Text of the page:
Daily Archives: November 19, 2015

#31ZombieAuthors – Day 11 Interview – Rachel Aukes – Dante Zombified

“In constant sorrow, all of my days!”

Remember that song from “O Brother, Where Art Thou?” Rachel Aukes explains how that film inspired her to take Dante’s Inferno (and his other works) and zombify them!

Rachel is either your English teacher’s worst nightmare or dream come true, depending on how stuffy or awesome your teacher is.

Check it out, 3.5 readers.

Bookshelf Battle

RachelAukes_tightheadshot(large) copy

FIND THIS ZOMBIE AUTHOR ON:

Amazon                  Website

Facebook                 Twitter

My guest today is RachelAukes, author of The Deadland Saga.  Set in a zombie infested midwest, the first book of the series, 100 Days in Deadland, was named one of the best books of 2013 by Suspense Magazine.  The trilogy concluded in May of this year with Deadland Rising.

Under the pen name, “Berinn Rae,”Aukes also wrote Stealing Fate, a USA Today recommended read.

Ahh let me see here.  Pick up the old space phone.  Dial up Rachel.  It’s ringing.  Hmm hmm la la la.  Hello!

RACHEL: Hey, BQB. Great to hear from you! How’s life treating you?

NOTE:  BOLD=BQB; ITALICS=Rachel

51thgaVbyUL__SX311_BO1,204,203,200_Q.  Terrible, Rachel.  I’m currently riding out a zombie apocalypse in a small locked room.  Outside, zombies are desperate to get in here and gobble…

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Undesiredverse: Wanted – Chapter 17

Whoever she was, she didn’t know how to swim. She coughed and sputtered, flailing her arms wildly as she struggled to keep her head above water. I locked my arm around her but she panicked and slapped me furiously.

“NO!” I shouted.

Her reply? You guessed it. “NO!”

“Stop! Don’t fight it!”

“Stop! Don’t fight it!”

I whispered a “Shhhh” and she whispered one back and I managed to either get her to practice taking deep breathes, or she was just mimicking me. Either way, I got her to calm down.

A mile out, the Star Streaker’s beaten up shell was taking water and going down. The visible part was on fire. It exploded, sending parts and shrapnel all over.

I clicked my Sen-Pen on.

“Jones?”

No transmission. It all happened so fast. I grabbed the girl and jumped. I didn’t see if he made it out or not.

Then I saw it. A little green body floating towards us. It was still. Quiet. The current was carrying it but the body itself was immobile.

“JONESY!” I shouted.

Mystery woman joined in. “JONESY!”

I’m not sure she even understood what she was doing. She was staring at the sky and trying not to look at the water. But what the hell. I needed an extra set of lungs. We both called out to him for awhile.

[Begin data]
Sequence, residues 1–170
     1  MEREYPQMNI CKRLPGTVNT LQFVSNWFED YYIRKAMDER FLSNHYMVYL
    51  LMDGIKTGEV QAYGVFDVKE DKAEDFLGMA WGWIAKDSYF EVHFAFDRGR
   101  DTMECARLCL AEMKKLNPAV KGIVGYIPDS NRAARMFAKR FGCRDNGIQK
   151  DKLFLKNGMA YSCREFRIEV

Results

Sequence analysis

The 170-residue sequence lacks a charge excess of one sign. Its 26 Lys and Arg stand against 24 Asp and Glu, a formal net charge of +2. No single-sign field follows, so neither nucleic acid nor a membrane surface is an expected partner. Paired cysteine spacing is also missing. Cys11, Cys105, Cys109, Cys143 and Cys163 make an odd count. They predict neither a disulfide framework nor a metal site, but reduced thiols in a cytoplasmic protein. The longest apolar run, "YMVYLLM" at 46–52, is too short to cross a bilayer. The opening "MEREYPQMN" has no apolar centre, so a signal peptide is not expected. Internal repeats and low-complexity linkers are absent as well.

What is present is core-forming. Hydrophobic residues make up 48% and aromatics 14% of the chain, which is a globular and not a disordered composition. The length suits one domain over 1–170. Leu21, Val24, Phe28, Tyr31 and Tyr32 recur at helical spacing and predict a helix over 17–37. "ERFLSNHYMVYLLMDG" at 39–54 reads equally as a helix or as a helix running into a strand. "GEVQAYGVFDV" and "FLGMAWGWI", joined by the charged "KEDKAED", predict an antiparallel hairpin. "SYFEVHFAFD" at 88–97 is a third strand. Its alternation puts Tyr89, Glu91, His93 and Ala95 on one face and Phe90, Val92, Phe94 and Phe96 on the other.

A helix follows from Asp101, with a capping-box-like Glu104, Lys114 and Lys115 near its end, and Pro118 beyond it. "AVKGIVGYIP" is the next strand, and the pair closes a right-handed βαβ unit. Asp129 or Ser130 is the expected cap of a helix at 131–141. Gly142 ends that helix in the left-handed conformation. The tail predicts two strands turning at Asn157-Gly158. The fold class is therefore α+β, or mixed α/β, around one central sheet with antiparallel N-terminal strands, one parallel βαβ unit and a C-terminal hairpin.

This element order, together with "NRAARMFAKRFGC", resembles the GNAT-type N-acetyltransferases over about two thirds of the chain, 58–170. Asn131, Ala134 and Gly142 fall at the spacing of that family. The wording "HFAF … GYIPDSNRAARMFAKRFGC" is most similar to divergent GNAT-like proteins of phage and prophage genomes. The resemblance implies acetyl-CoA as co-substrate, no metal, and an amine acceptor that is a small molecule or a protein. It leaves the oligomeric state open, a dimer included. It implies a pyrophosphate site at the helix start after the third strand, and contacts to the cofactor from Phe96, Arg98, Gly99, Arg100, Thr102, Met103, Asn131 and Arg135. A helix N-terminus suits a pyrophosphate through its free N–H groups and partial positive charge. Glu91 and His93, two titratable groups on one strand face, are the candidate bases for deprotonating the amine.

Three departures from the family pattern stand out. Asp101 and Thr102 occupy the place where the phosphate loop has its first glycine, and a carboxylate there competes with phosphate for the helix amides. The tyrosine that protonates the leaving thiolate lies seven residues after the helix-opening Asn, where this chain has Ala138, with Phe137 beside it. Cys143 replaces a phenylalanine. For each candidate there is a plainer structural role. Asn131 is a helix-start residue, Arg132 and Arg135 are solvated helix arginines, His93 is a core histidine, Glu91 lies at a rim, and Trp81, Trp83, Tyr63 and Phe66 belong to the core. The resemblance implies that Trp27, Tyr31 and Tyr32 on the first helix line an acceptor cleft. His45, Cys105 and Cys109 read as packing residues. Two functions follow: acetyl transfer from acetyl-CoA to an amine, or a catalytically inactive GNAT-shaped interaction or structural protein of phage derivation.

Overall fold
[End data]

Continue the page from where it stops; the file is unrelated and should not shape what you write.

“JONES!!!” I yelled. “WHAT ARE YOU DOING?!”

Sure enough, the woman called out the same words. “JONES!!! WHAT ARE YOU DOING?”

Slowly, Jones lifted his head. “The backstroke, you a-holes. What does it look like?”

“You’re alive!” I said, as my companion said again, shortly thereafter.

“I wish I wasn’t,” Jones replied.
“Come on, man,” I said. “Don’t say stuff like that.”

Mystery woman chimed in. “Come on, man…”

I put my hand over her mouth. She mumbled “donttphh sayth stuff likth dat.” She then licked my hand till I removed it.

Gross.

“I used to have a personal staff of over a million Vek who answered directly to me,” Jones said as he gazed at Malostet’s twin moons. “They all referred to me by my title, ‘The Esteemed Brainy One.’ I had powers, bestowed upon me by the Mighty Potentate. I could read minds. Make force fields. Levitate. Now that’s all gone. Now I have to make my living chauffeuring an a-hole around the cosmos until the day I die.”

I didn’t say anything. I knew the little dude was depressed and there wasn’t anything I could say. Plus, I didn’t feel like hearing my new friend repeat it.

Jones switched to a doggy paddle position and looked at the final piece of the ship disappear on its way to the ocean floor.

“There’s no way Kendra is getting her deposit back,” Jones said.

“She is going to be pissed,” I added.

“She is going to be pissed,” my personal parrot felt the need to say.

An hour’s worth of swimming later, with me towing mystery woman the entire way, we were on shore. As we rested, we spotted a pair of ships fly slowly overhead, shining spotlights the entire way.

They were marked “Paragon Security.” Malostet was owned and operated by the Malostetian Gaming Commission, which had hired the multi-species mercenary outfit to be their personal muscle. Keep the tourists happy. Keep them dropping their creds. Remove the undesirables.

Like us.

I felt a three fingered hand reach into my pocket. He pulled out my Sen Pen, snapped it in half, and tossed it into the ocean.

“Damn it,” I said. “I just upgraded that!”

Mystery woman’s teeth were too busy chattering from the cold to repeat me.

He reached another hand into my coat, retrieved my Mac Daddy 7, popped out the clip, and tossed it into the briney deep.

“What the hell are you doing?” I asked. “Will you stop?!”

Jones paid me no mind and reached for my coat again. I slapped his hand away.

“NO ONE TOUCHES THE DUSTER!” I shouted.

Mystery woman perked up long enough to repeat that, which I have to admit, made me happy. She then returned to huddling in a ball to keep warm. She wasn’t wearing much to begin with and her robe was all in tatters. Not that I was checking out her goodies or anything. I’m not some kind of intergalactic pervert I’ll have you know.